So where does state funding stand? Right now, an initiative petition has been filed for a one-cent general sales tax for transportation in Missouri. In addition, MoDOT is requesting an additional $2 million from general revenue for a total of $3,060,875 in state transit funding for State Fiscal Year 2015.
While these funding discussions continue, the St. Louis region needs to come to a consensus on the region’s transit priorities if funding actually does become available. Right now, we have a list of ‘illustrative’ projects, but what project tops the list? Which of the options should be prioritized? Where should resources go if funding for public transit infrastructure becomes available?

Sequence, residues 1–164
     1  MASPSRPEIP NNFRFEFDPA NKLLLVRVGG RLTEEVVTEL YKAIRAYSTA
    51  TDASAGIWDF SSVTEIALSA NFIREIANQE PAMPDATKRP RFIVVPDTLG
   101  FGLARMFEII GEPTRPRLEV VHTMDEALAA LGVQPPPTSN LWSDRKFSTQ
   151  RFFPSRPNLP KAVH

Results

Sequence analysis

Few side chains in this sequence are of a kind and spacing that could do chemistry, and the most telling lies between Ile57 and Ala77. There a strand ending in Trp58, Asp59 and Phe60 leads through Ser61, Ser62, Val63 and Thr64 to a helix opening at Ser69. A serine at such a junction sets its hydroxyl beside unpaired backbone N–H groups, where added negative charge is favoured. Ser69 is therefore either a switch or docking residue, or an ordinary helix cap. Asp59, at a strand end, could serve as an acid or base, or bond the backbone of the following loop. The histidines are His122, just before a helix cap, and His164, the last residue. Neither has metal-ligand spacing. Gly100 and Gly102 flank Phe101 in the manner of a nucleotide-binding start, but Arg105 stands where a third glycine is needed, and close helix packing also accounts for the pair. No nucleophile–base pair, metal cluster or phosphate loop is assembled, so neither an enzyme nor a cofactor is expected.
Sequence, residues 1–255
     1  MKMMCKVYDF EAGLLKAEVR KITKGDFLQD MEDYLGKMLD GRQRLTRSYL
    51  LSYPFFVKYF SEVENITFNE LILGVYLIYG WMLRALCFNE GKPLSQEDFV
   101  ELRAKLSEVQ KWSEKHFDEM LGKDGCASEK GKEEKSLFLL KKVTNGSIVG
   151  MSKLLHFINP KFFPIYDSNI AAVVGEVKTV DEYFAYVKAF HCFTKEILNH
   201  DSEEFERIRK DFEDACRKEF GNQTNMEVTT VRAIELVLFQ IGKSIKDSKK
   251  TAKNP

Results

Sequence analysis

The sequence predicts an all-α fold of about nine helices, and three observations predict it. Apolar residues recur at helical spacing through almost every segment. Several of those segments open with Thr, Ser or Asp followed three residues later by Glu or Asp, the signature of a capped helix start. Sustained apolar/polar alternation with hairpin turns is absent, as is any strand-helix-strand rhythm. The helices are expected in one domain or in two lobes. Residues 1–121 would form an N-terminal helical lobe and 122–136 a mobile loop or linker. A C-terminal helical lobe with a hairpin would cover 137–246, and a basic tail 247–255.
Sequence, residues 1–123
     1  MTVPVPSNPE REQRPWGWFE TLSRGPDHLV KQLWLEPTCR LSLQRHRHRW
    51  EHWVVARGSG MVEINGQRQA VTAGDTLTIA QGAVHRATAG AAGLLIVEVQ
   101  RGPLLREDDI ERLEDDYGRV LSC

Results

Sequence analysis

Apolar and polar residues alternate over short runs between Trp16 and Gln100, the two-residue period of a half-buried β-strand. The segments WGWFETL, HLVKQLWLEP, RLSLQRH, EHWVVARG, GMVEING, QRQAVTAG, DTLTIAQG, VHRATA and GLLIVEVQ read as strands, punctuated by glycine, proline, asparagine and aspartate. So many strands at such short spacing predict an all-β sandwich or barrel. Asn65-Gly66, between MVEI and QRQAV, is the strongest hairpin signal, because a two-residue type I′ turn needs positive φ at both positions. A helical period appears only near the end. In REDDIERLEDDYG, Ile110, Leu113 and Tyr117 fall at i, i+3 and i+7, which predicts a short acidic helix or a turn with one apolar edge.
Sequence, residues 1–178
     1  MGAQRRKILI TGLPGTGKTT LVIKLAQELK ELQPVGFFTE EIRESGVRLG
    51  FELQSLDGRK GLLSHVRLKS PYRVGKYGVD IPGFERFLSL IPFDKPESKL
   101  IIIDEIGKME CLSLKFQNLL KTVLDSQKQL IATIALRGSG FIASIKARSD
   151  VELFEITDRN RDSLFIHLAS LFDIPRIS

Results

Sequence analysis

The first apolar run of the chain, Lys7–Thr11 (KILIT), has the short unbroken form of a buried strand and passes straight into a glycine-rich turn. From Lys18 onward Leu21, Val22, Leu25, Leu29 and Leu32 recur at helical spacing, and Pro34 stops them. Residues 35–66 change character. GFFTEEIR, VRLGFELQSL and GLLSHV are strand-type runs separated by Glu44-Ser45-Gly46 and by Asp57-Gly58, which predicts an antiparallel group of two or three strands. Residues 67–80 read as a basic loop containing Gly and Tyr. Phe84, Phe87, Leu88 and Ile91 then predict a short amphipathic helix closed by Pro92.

And Here’s What You Can Do
As we head into 2014, CMT will be focusing its efforts on these two fronts – funding and prioritization of transit projects for the region. We will continue to keep our members and friends updated and advocate for the best possible options. In the meantime, you can:
- Contact your local and state elected officials about the importance of transit and how transit projects can and will move this region forward. Use CMT’s talking points and legislative priorities to help craft your message.
- Join or increase your membership level with CMT to be informed, show your support, and help move transit forward.
We are honored to partner with you to improve the St. Louis Region with transit and wish you a Safe and Happy New Year!